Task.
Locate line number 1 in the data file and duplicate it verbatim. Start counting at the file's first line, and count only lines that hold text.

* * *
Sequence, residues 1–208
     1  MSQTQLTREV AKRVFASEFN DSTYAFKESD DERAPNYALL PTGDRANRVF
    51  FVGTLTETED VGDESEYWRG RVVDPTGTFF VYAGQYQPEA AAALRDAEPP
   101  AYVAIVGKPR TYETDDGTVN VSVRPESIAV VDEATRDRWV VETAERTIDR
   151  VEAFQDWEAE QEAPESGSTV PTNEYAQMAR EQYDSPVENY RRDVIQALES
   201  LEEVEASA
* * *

Sequence, residues 1–208